Even casual picnicking takes planning
By Marina Wolf
THE WORD ‘PICNIC’ is loaded with possibilities: a barbecue in the woods, with a red-checkered tablecloth, and pine needles falling into the potato salad. Or a romantic rendezvous under a shady oak in the middle of a flowery meadow. Or a jaunt to a sunny beach, a wicker basket banging against soon-to-be sunburned legs. Wherever you go, though, a picnic’s supposed to be a lark, a whim, a spur-of-the moment fete, right?
Wrong. Oh, sure, flowers, beach, breeze, all of that good stuff. But a successful picnic is rarely spur of the moment. “You really have to plan a picnic,” says cookbook author Barbara Scott-Goodman. “People think it’s all serendipitous, but it’s not.”
If anything, a picnic requires even more planning than many formal dining occasions, because there are more variables to consider: the weather, the company, the evenness of the table or table substitute. Once you get the people and plates in the car and head out, you can’t just pop back into the kitchen if you forgot something (you’ll have to buy it at twice the price at that suspiciously charming country store five miles back).
However, there are many reasons why picnics continue to be a popular pastime. For starters, people tend to relax outdoors, and the savvy host will rely on that. “If I’m having some people whom I don’t know that well, I’ll give them lunch on the deck,” says Scott-Goodman, who has written the Picnics and the Garden Entertaining Cookbook. “It’s more comfortable. We can talk about the weather, the garden, and keep everything easy.”
THE INSTANT intimacy of picnics makes things easier on the host as well. “People like to pitch in more outdoors, I’ve noticed,” Scott-Goodman says with a chuckle. “Guests are much more willing to pick up and clear and pour drinks and serve kids. They’re feeling much more at home.”
Ironically, picnics are the one occasion when the host needs less help than usual, because all the food has been prepared ahead of time. “A picnic is a fabulous way to entertain because you’ve done everything already,” says Dee Dee Stovel, author of the newly released Picnic. “You pack it up and take it to a wonderful place, and all the work is done.”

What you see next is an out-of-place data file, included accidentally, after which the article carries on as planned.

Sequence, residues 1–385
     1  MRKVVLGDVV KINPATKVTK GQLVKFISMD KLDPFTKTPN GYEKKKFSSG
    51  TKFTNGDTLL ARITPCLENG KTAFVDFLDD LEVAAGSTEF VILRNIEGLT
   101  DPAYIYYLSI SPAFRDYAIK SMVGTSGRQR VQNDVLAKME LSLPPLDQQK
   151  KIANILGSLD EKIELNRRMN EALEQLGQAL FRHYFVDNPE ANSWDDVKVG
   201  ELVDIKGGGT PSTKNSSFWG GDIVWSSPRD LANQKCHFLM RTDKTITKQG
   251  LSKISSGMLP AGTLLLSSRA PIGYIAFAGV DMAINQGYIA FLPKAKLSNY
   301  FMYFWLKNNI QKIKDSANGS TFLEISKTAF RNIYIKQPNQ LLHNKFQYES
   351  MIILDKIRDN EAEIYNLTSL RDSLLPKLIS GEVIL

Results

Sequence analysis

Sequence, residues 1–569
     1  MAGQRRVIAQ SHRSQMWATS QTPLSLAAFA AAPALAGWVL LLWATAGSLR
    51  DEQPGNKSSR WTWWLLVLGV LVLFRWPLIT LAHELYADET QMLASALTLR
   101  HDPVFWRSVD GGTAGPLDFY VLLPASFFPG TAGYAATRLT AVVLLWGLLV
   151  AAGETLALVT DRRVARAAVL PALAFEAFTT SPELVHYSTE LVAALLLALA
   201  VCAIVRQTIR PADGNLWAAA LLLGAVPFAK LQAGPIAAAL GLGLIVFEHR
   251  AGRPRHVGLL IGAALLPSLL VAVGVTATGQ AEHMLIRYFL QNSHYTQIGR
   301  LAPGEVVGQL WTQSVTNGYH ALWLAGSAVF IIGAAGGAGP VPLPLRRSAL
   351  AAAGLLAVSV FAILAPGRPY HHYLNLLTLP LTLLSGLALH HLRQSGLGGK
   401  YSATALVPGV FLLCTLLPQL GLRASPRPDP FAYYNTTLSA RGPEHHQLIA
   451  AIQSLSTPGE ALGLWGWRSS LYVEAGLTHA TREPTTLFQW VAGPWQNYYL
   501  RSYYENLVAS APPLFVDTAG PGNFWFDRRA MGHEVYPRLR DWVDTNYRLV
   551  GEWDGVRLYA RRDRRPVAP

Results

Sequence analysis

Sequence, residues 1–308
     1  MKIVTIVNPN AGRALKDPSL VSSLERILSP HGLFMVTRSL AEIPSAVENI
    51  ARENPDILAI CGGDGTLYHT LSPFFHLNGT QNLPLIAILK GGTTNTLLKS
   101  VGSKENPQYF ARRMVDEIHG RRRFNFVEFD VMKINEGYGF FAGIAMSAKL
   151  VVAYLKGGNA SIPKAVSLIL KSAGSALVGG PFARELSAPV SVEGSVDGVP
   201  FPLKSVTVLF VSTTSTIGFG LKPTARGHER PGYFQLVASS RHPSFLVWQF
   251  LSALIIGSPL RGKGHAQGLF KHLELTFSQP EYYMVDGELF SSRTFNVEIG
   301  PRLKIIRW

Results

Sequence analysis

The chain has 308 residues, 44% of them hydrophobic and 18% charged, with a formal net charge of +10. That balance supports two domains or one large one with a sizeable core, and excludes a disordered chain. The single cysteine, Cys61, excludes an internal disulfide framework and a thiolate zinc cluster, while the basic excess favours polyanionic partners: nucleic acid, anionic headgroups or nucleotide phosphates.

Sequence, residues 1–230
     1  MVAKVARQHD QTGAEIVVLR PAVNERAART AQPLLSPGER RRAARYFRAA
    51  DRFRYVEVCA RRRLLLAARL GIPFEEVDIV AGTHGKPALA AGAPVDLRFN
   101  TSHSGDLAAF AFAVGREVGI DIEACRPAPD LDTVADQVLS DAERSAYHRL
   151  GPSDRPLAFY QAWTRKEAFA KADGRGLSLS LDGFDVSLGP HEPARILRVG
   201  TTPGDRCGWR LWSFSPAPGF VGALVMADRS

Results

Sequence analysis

How much work you put into your picnic depends on the menu. When the weather is hot, it makes sense to keep the menu minimal. Cold soups, some of the most appropriate dishes for summer picnics, can be whipped up in a blender in a couple of minutes. “They’re really lovely for picnics,” says Stovel. “Cold soups are somewhere between an actual soup and a nice cold drink.” Scott-Goodman concurs on the cold-soup question–in her books she offers such recipes as gazpacho and chilled clam chowder. She also advocates finger foods. “Of course you’re not going to bring spaghetti on a picnic,” she says. “You want fried chicken, biscuits and cheese, things that are portable.”
For dessert, both authors stick with the finger-food theme. Stovel’s favorite end-of-picnic food is a brownie with a thin middle layer of raspberry jam, which she cuts up into 1-inch cubes. Scott-Goodman, too, makes brownies and cookies. No pie, she says, and definitely no ice cream unless an ice-cream truck happens to drive by. “Think about how easy this could be, instead of how much you have to bring.”
THE OVERBURDENED picnic of the past can be even further modernized with just a few twists on old favorites. Stovel suggests a low-fat makeover of the traditional potato salad, in the form of a yogurt/mayonnaise dressing, while Scott-Goodman is fond of a potato salad lightly tossed in vinaigrette: “I love mayonnaise in potato salad, but you have to think in terms of food safety.”
The meat-on-bread concept at the heart of the American picnic can be adapted to anything, from chicken fillets in an Asian-inspired marinade to Middle Eastern lamb sandwiches. And even if you must avoid shocking more traditionally minded guests at all costs, you can still add spice to the table simply by whipping up a few new condiments. For hamburgers Scott-Goodman has created a caramelized red-onion sauce, made creamy with yogurt or sour cream, and for sausages, a mustard-dill sauce. “They’re still hamburgers and sausages, but it’s a little more upscale.”
Fortunately, the traditional picnic settings–those floppy, single-ply paper plates–have fallen away, to be replaced by much sturdier descendents that can take a lot more abuse. Miss Manners might object to such inelegant solutions: in her sections on picnics and fast food, somewhere after the eating instructions for corn on the cob, she emphatically says to always use real dishes. Stovel and Scott-Goodman, on the other had, say there’s really no need, unless you’re eating at an outdoor symphony and trying to make your hapless lawn neighbors envy your casual elegance.
No matter what you take to eat, or what you’re eating off of, if you’re picnic-prone you may want to pack a trunk in advance. “I like to have a basket packed and ready to go in the summer, except for food,” says Stovel, who also recommends making a checklist of the items that you use most, whether that’s a pair of silver candlesticks or a bee-sting kit. This sort of advance organization makes so-called spur-of-the-moment outings much more practical.
All you need to do is drop by a deli for seltzer and sandwiches, and you’ll feel summery and spontaneous without sacrificing good sense.
From the May 31-June 6, 2001 issue of the Northern California Bohemian.